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When a subsidiary of the world’s largest lender proposes to settle trades via a USB stick shuttled between New York trading floors by a runner, it ought to set alarm bells ringing. That was one contingency discussed last week when ICBC Financial Services — the financial services arm of the Industrial and Commercial Bank of China — was hit by ransomware software, which prevented it from settling transactions in the $25tn US Treasury market. The hack was eventually contained by disconnecting its systems, alongside a $9bn capital injection.
While a larger fallout was avoided, the incident should act as a wake-up call for financial corporations and regulators to step up their efforts on cyber security. Such attacks were considered the greatest threat to the financial system, according to a recent Bank of England survey of UK market participants.
As finance has become more digitised, the risks have grown. Attackers have also become more sophisticated. LockBit, the group suspected to be behind the ICBC FS breach, conducted recent assaults at Royal Mail and ION, a supplier of trading software to the City of London. Analysts also fear that the adoption of generative artificial intelligence may increase the pace, scale and effectiveness of attacks.
Banks and financial infrastructure are prime targets, and attacks come in several forms. Ransomware involves blocking access to data unless a ransom is paid. Other attacks aim to steal, leak or manipulate data, or simply cause disruption, for example by shutting down payment networks. The annual cost of cyber attacks — including theft, lost productivity and reputational harm — is estimated to reach $10.5tn globally by 2025.
But in an interconnected financial system, attacks at one organisation also risk broader contagion. They can directly spark liquidity strains, bank runs and capital flight — which can be exacerbated by a loss of trust in financial institutions or payment systems. While breaches are more common at smaller organisations, the attack at a bank the size of ICBC FS is worrying.
Many financial institutions and jurisdictions have insufficient measures in place. More than 40 per cent of executives at America’s largest banks admitted their organisations may be ill-equipped to protect customer data and assets during an attack, according to a KPMG survey last year. Meanwhile, an IMF study found 56 per cent of central banks or supervisory authorities lacked a comprehensive financial cyber security strategy — just under one in two did not have specific regulations addressing cyber crime.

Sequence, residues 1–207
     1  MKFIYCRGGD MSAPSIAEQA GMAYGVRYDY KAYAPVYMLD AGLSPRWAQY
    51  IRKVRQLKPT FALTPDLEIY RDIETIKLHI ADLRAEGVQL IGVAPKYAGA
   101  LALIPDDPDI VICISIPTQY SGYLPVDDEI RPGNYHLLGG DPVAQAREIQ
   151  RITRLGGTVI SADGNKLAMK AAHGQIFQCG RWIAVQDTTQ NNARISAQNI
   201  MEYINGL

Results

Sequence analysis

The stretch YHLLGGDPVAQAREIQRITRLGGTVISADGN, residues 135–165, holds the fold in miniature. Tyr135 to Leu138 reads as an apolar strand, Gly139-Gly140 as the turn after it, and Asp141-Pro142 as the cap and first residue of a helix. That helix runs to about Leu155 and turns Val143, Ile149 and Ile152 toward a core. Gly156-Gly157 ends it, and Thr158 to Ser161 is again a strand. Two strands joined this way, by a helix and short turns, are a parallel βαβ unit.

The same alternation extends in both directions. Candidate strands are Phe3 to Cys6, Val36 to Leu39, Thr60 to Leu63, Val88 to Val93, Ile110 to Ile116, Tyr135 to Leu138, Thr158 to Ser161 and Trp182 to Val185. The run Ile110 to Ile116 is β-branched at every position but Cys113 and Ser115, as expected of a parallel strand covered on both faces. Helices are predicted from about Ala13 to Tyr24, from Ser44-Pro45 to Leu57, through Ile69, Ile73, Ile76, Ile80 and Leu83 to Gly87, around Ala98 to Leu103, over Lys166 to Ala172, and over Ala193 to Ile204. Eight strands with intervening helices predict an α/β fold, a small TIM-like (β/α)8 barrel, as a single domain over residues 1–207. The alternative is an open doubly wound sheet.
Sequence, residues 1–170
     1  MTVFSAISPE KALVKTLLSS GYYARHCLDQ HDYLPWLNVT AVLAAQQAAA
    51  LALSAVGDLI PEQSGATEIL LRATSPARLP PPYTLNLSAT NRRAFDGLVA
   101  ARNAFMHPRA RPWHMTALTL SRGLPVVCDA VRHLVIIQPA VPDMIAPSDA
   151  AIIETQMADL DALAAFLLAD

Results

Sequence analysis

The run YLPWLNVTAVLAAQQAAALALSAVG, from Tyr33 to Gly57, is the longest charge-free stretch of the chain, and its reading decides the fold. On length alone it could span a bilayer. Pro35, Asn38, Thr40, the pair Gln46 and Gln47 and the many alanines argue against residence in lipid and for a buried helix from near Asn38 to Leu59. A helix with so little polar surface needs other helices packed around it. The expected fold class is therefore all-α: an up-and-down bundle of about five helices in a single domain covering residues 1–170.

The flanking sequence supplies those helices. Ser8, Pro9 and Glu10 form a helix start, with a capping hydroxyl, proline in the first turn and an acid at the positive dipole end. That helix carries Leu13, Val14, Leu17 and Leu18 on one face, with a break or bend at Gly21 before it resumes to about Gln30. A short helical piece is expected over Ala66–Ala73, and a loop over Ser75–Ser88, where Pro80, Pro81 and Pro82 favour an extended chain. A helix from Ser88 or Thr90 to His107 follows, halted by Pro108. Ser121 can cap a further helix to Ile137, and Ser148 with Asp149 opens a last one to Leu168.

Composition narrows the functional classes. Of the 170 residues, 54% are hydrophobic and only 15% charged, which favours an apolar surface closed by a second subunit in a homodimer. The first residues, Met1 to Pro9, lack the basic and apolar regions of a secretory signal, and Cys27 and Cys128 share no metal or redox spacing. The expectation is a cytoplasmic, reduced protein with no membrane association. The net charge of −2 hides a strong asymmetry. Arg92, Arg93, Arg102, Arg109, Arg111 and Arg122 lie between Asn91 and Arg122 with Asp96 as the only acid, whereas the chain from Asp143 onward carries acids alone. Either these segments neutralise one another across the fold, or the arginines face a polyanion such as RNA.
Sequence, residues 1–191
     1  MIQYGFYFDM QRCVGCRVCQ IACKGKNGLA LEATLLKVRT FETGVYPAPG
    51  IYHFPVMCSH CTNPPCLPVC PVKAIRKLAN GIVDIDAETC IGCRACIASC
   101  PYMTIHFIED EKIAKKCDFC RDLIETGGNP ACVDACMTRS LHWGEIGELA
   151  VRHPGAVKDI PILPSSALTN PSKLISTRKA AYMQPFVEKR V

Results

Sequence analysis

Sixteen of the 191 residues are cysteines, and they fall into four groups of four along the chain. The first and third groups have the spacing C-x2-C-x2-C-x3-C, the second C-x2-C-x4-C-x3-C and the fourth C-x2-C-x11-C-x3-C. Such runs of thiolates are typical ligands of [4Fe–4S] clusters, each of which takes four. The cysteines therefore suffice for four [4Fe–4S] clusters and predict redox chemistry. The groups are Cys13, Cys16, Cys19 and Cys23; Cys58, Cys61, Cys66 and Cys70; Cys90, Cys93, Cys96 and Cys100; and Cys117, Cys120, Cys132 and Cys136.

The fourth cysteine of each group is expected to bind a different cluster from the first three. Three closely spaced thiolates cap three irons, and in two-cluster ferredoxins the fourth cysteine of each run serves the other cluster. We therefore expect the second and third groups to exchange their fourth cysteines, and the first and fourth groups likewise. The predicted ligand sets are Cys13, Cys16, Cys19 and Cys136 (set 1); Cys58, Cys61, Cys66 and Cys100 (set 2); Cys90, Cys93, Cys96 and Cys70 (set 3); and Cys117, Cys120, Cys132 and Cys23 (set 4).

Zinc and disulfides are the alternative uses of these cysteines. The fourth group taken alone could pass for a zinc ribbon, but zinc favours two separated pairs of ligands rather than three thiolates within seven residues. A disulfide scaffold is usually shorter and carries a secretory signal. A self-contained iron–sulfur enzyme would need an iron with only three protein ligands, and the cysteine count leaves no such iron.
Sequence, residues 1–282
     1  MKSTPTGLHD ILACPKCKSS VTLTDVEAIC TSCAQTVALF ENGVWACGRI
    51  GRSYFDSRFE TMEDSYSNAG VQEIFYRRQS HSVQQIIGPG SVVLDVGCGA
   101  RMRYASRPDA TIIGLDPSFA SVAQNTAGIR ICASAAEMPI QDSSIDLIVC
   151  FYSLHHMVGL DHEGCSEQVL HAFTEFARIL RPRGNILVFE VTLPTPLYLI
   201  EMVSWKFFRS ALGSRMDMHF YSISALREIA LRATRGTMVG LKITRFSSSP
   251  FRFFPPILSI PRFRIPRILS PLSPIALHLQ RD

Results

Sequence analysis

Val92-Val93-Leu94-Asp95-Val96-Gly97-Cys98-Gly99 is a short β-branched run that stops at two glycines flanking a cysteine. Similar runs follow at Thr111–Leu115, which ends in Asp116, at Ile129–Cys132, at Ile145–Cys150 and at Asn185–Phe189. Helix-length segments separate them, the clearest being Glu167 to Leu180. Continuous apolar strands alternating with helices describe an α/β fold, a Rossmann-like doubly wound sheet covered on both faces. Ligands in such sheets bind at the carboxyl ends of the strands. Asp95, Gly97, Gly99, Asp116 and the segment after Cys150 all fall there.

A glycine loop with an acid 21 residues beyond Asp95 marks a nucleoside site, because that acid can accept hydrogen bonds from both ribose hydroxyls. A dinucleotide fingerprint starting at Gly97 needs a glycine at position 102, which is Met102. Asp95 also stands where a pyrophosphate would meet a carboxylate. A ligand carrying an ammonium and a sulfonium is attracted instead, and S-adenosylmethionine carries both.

The financial sector already invests significantly in cyber security, and monitoring initiatives are under way across the US and Europe. But as technological advances allow cyber criminals to raise their game too, mitigation efforts must be sped up. Three areas warrant particular attention.
First, global institutions need to strengthen their efforts on co-operation, to support better data-sharing and regulatory harmonisation. The financial system is only as strong as its weakest link, and emerging markets are particularly behind on security. Second, cyber risks need to be more embedded into assessments of financial stability, particularly via more comprehensive stress tests.
Third, while spending on deterrence and research on how new technologies can help to tackle cyber crime remains important, organisations need to ensure they have contingencies in place to deliver critical services in the event of a successful attack. This can help limit the spread of panic. Tougher scrutiny of supply chain exposures are also essential.
The dust is now settling on last week’s chaos. It is a relief that a cyber breach at a prominent player in US Treasuries led only to rerouted trades and a slight impairing of liquidity. Next time, financial markets may not be so lucky.